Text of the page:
A historic series of protests has left Hong Kong’s Beijing-backed leader, Carrie Lam, fighting for her political life. Hundreds of thousands of people have taken to the streets to demand the chief executive’s resignation -- and even establishment figures are questioning her judgment -- after she pushed an unpopular bill that would for the first time allow extraditions to China. But replacing a Hong Kong chief executive is a complicated, closed-door affair, deeply entangled with the central problem facing Hong Kong: How do you balance the city’s desire for autonomy with China’s demands for control?

1. Who would replace Lam?

If Lam resigned tomorrow, responsibility for leading the city of 7.5 million would fall immediately to Chief Secretary for Administration Matthew Cheung. Hong Kong’s Basic Law -- the “mini-constitution” drafted before the former British colony’s return to China in 1997 -- says the chief secretary can act as chief executive for as long as six months. Before that interim period ends, the city’s 1,200-member Election Committee must meet to select a new leader. The panel is comprised of political insiders overwhelmingly loyal to the government in Beijing, giving China’s Communist Party the ultimate say.

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2. Who might seek the job?

China’s pattern of promoting up-and-comers through the chief secretary’s job puts the spotlight on Cheung. But the former longtime labor secretary lacks the profile and broad experience of predecessors, including Lam, who last year was forced to deny local media reports that she was considering replacing him. Other former contenders may be viewed as too divisive -- such as Executive Council member Regina Ip or former Chief Executive Leung Chun-ying -- or too sympathetic to the opposition, like ex-Financial Secretary John Tsang and retired legislative chief Jasper Tsang. With no obvious successor, Beijing might need to keep Lam, 62, around for a while. “She would be a lame duck, but most likely she’d stay in office on a default basis,” pro-establishment lawmaker Michael Tien said.

3. Who gets to pick a new chief executive?

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While a campaign for Hong Kong chief executive looks a lot like any major mayoral election, with stump speeches, rallies and policy platforms, the choice rests with an electoral college of business and political elites, including several billionaires. China can veto any winner it doesn’t like. That’s why Lam soundly defeated John Tsang to win the 2017 election, even though he held a wide lead in public opinion polls. In the end, she was chosen by 777 electors, a total that had the unfortunate coincidence of sounding like a Cantonese expletive.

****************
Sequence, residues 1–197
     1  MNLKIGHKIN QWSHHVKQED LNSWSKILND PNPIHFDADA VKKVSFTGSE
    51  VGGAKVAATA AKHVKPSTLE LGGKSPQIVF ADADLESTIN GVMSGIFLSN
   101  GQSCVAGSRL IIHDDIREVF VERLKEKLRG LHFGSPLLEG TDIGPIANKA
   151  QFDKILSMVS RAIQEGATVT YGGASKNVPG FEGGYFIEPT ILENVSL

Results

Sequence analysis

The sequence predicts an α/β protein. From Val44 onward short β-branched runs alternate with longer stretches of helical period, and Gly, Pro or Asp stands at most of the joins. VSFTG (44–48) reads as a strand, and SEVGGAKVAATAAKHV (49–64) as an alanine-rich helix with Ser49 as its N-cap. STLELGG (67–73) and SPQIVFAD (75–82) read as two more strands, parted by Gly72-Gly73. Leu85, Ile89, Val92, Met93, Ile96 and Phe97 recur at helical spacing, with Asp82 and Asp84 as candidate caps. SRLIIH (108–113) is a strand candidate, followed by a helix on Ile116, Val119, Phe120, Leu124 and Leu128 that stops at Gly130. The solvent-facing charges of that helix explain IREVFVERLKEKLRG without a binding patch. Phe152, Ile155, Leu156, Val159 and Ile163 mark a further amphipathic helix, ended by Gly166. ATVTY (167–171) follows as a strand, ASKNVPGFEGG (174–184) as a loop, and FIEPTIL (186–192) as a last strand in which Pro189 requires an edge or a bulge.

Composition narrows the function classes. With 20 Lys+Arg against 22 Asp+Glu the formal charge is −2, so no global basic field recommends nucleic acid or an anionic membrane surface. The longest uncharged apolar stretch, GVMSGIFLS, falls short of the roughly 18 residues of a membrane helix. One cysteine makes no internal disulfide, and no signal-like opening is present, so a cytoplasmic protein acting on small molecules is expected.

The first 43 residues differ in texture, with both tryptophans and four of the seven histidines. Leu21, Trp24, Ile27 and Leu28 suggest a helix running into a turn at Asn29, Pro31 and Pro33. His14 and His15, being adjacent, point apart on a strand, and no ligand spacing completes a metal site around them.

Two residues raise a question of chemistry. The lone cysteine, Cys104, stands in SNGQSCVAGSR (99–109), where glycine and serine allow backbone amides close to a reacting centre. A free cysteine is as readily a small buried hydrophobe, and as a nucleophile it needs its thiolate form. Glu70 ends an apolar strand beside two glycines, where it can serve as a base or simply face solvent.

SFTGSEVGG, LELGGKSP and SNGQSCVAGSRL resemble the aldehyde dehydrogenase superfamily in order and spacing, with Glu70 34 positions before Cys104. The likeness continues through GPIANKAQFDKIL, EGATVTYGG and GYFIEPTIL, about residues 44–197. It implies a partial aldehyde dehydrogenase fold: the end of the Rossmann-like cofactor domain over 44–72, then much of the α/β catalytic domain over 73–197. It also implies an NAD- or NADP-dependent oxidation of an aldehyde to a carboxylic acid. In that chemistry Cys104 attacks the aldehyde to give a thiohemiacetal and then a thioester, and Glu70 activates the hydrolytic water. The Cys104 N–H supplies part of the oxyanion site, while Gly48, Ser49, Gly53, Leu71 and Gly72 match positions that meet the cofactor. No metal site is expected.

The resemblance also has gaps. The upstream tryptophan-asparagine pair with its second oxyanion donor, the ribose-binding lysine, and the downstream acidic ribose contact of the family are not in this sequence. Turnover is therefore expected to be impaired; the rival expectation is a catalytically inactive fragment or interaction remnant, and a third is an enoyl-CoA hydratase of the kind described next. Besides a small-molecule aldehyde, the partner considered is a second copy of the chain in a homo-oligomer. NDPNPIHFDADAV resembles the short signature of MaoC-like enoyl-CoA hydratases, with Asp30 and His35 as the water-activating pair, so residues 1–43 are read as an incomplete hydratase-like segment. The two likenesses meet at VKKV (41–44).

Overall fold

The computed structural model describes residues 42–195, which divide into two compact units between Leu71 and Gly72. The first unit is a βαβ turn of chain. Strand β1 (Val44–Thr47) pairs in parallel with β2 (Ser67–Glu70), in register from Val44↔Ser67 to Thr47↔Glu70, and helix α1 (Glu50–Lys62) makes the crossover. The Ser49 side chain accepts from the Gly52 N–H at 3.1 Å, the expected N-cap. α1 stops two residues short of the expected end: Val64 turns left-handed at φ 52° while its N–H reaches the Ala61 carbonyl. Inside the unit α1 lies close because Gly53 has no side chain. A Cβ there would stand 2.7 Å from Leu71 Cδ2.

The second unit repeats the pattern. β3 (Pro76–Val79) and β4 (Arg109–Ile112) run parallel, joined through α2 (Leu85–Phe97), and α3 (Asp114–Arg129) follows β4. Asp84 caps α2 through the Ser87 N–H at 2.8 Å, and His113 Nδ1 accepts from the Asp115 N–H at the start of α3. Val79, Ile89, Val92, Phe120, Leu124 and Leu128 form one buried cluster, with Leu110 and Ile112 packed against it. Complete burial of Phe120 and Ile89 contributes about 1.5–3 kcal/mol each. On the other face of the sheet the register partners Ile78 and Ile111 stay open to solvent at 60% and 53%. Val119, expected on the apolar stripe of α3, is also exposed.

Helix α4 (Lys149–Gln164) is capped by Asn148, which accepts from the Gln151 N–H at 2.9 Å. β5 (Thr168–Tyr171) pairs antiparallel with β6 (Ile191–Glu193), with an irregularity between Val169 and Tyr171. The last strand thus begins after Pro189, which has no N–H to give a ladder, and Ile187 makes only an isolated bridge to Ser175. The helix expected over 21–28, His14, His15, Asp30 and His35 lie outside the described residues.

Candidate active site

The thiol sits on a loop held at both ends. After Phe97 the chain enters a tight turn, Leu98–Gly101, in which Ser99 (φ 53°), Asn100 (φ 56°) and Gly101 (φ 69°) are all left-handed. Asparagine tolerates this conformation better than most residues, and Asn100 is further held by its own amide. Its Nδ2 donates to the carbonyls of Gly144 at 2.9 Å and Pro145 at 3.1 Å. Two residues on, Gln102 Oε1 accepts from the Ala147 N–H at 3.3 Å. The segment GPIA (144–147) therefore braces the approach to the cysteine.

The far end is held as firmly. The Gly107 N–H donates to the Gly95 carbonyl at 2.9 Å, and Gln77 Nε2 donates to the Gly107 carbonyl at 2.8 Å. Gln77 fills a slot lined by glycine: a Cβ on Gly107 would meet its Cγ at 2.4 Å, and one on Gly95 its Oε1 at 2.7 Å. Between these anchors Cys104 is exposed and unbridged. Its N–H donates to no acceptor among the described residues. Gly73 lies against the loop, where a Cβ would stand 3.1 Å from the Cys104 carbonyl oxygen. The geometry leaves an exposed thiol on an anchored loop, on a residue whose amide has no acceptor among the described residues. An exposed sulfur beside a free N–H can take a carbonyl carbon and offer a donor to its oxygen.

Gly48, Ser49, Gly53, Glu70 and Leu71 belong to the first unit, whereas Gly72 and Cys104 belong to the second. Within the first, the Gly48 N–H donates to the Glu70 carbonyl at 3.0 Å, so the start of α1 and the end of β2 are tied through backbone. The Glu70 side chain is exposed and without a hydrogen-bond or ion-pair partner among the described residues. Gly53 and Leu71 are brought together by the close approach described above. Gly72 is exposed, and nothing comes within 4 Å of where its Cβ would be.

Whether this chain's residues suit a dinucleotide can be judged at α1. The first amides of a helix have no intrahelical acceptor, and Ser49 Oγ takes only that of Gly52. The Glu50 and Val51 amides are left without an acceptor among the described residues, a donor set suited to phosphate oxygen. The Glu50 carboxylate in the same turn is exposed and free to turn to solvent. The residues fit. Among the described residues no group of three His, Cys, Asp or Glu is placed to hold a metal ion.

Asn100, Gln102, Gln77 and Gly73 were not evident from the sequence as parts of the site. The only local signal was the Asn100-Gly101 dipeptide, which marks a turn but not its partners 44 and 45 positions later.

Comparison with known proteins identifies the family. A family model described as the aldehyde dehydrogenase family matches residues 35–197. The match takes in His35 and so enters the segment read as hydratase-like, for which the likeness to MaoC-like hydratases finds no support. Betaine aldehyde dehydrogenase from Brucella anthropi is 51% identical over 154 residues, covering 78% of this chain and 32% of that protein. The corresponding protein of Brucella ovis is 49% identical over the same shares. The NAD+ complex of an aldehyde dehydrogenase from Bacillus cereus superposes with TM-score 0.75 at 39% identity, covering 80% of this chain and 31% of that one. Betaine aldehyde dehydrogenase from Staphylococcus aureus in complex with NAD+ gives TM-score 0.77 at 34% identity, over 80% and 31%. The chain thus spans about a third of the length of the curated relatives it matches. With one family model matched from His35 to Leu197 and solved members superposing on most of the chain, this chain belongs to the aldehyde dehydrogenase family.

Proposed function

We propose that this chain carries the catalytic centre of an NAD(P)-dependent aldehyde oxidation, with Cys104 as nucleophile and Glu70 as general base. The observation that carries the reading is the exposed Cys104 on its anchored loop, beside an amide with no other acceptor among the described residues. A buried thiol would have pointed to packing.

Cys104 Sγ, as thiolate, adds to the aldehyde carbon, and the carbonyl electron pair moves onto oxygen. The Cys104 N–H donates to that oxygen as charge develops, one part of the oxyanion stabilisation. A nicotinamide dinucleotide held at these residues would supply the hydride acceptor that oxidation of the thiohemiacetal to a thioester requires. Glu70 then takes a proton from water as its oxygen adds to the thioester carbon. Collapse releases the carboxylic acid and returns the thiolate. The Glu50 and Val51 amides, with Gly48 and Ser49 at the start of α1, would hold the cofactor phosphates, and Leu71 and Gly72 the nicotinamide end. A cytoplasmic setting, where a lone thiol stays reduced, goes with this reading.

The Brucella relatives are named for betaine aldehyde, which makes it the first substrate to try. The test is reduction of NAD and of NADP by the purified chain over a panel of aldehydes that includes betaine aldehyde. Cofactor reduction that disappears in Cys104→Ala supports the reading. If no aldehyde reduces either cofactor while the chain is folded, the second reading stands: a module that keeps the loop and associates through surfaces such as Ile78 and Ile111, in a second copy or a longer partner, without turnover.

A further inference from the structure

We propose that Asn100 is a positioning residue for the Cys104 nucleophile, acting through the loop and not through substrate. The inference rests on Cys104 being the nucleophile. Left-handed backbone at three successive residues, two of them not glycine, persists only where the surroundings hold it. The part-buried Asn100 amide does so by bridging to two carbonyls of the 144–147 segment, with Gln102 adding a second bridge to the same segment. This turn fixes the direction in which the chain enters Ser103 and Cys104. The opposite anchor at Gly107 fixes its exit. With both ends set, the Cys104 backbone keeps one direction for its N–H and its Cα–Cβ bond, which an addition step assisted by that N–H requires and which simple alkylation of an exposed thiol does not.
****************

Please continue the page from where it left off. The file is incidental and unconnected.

4. What’s happened in the past?

In 2005, Hong Kong’s first post-colonial leader, Tung Chee-hwa, resigned after mass protests forced him to withdraw China-backed national security legislation. Tung, a shipping magnate, lingered on the job for more than a year after the biggest demonstrations as the party settled on a succession plan. He ultimately resigned under the Basic Law provision allowing a chief executive to step down if “he or she loses the ability to discharge his or her duties as a result of serious illness or other reasons” -- the same grounds Lam would need to cite if she quit.

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5. How long would any successor serve?

That’s something of an open question. When Tung stepped down in 2005, the government asked China’s parliament to interpret what was seen as a question in the Basic Law as to whether the new leader would be elected for a new five-year term or the remainder of the old one. “It uses language that makes clear that interpretation is not applicable in future situations,” according to Danny Gittings, a legal scholar and author of “Introduction to the Hong Kong Basic Law.” Theoretically, China could reach a different resolution this time around. In any case, Lam has three years remaining in her term.

--With assistance from Blake Schmidt.

To contact the reporter on this story: Brendan Scott in Singapore at bscott66@bloomberg.net

To contact the editors responsible for this story: Daniel Ten Kate at dtenkate@bloomberg.net, Grant Clark

©2019 Bloomberg L.P.

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